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Friday, January 26, 2018

Bridges: Soquel Creek

Bridges are an essential part of any railroad and nowhere in Santa Cruz County is there a bridge more iconic than the Soquel Creek bridge that towers over Capitola Village. Two bridges have spanned this 669-foot-long gulch and both were—and the latter remains—popular subjects for photographers.

Stereograph of Camp Capitola with the original Sequel Creek bridge in the background, c. 1885. Photo by Carleton Watkins. [California State Library]
The first bridge was constructed by Tom Carter under contract for the Santa Cruz Railroad in summer 1874. The bridge was a fairly standard design for a long span such as this. More than half of the length, from Depot Hill to Soquel Creek, was composed of a simple redwood open-deck trestle. A similar, albeit much shorter, span connected the other bank of Soquel Creek to the west bank. Over the creek itself, a roughly 200-foot-long redwood double-intersecting Warren truss ensured trains travelled safely and securely over the creek. No piers were required to support the truss span, but dense redwood piers were built on either side of the span to keep the bridge aloft.

Camp Capitola with the Soquel Creek bridge in the distance, 1875. [Covello & Covello]
This narrow-gauge bridge underwent a heavy remodeling in 1883-1884 to convert it for use by standard-gauge trains after the Southern Pacific Railroad purchased the Santa Cruz Railroad in 1882. Whether these changes were highly visible is unknown, but Southern Pacific did at this time relocate Soquel station from the western end of the bridge to Depot Hill, changing its name to Capitola in the process. At some point in the 1890s, the truss span was also enclosed, probably to protect it from the corrosive sea spray.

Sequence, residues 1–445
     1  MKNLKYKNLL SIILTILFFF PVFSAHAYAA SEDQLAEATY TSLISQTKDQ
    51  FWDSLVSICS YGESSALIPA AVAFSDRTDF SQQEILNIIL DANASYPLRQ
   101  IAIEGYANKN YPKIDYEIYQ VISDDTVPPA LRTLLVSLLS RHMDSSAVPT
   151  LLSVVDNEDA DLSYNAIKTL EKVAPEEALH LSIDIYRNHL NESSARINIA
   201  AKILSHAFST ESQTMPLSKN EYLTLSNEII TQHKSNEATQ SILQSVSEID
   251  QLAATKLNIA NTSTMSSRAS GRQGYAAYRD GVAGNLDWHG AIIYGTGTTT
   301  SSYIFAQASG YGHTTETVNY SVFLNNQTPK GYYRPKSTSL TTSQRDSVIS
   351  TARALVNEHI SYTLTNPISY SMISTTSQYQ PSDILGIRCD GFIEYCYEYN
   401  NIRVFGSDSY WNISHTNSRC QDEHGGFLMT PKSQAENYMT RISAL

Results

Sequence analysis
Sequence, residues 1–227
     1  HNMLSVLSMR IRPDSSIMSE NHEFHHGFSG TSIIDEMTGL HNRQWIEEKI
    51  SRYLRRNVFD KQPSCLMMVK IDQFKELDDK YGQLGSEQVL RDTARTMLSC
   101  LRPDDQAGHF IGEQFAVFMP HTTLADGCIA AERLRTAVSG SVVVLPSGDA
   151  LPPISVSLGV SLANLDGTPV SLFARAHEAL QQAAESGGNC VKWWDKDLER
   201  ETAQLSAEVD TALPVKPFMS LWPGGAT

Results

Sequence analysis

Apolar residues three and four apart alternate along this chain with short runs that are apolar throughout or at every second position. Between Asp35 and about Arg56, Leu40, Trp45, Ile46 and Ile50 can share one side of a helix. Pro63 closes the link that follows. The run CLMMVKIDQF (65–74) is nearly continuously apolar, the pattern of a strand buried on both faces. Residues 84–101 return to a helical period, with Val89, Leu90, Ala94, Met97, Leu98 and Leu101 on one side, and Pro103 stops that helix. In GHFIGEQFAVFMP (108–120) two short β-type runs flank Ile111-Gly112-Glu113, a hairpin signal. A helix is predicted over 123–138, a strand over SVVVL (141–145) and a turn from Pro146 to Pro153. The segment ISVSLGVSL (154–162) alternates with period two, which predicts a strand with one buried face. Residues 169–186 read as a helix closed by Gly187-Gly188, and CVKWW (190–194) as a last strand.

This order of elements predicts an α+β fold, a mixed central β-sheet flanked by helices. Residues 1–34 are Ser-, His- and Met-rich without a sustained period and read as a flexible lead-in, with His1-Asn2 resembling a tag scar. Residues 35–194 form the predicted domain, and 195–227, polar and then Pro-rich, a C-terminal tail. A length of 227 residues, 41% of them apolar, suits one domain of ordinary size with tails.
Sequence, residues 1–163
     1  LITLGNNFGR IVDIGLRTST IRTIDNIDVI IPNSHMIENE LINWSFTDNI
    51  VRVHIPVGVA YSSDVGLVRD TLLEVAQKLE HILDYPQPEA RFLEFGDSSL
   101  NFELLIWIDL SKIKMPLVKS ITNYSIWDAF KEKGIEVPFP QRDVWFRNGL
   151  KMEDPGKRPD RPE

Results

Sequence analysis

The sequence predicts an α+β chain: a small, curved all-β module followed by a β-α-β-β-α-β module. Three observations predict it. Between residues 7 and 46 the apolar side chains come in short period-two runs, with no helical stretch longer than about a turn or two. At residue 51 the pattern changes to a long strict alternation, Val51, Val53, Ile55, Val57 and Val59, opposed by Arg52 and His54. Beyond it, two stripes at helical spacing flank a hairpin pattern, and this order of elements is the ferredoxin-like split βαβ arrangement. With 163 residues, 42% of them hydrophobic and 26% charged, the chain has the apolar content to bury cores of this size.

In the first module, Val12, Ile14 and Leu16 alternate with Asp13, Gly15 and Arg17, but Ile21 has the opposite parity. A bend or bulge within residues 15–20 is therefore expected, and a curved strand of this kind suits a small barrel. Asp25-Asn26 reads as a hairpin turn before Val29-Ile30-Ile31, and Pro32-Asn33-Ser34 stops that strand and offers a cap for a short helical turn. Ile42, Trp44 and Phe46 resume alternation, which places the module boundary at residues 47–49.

Railroad bridge over Soquel Creek with train approaching covered truss span, c. 1890s. [Santa Cruz MAH]
The second and current bridge over Soquel Creek was built in a number of waves as the community beneath the bridge transitioned from a seasonal resort to a year-round town. The oldest sections of this bridge closely resembled the original bridge, including a 335-foot-long redwood trestle from Depot Hill and a 100-foot-long trestle extending to the west bank. Over the creek itself, the old wooden truss was replaced with a 150-foot-long open-deck, wrought iron, truncated, upside-down curved chord Pratt truss span that was unique among the bridges along the Central Coast. To support this truss, two large concrete piers were installed on either side of the creek. This truss was not original to Soquel Creek—Southern Pacific had repurposed it from elsewhere in its system and sawed off portions on each end resulting in its unique design.

Colorized photograph of the Soquel Creek bridge, c. 1910. [Santa Cruz Museum of Art & History]
At some point, probably in the 1930s, the trestle span over Capitola Avenue was bisected to allow for the insertion of a 120-foot-long prefabricated open-deck steel plate girder span, which was supported by heavily-reinforced trestlework on either side. This allowed automobiles to more comfortably pass under the bridge and into Camp Capitola.

A Southern Pacific train passing over the Soquel Creek bridge, c. 1930. [Phil Reader]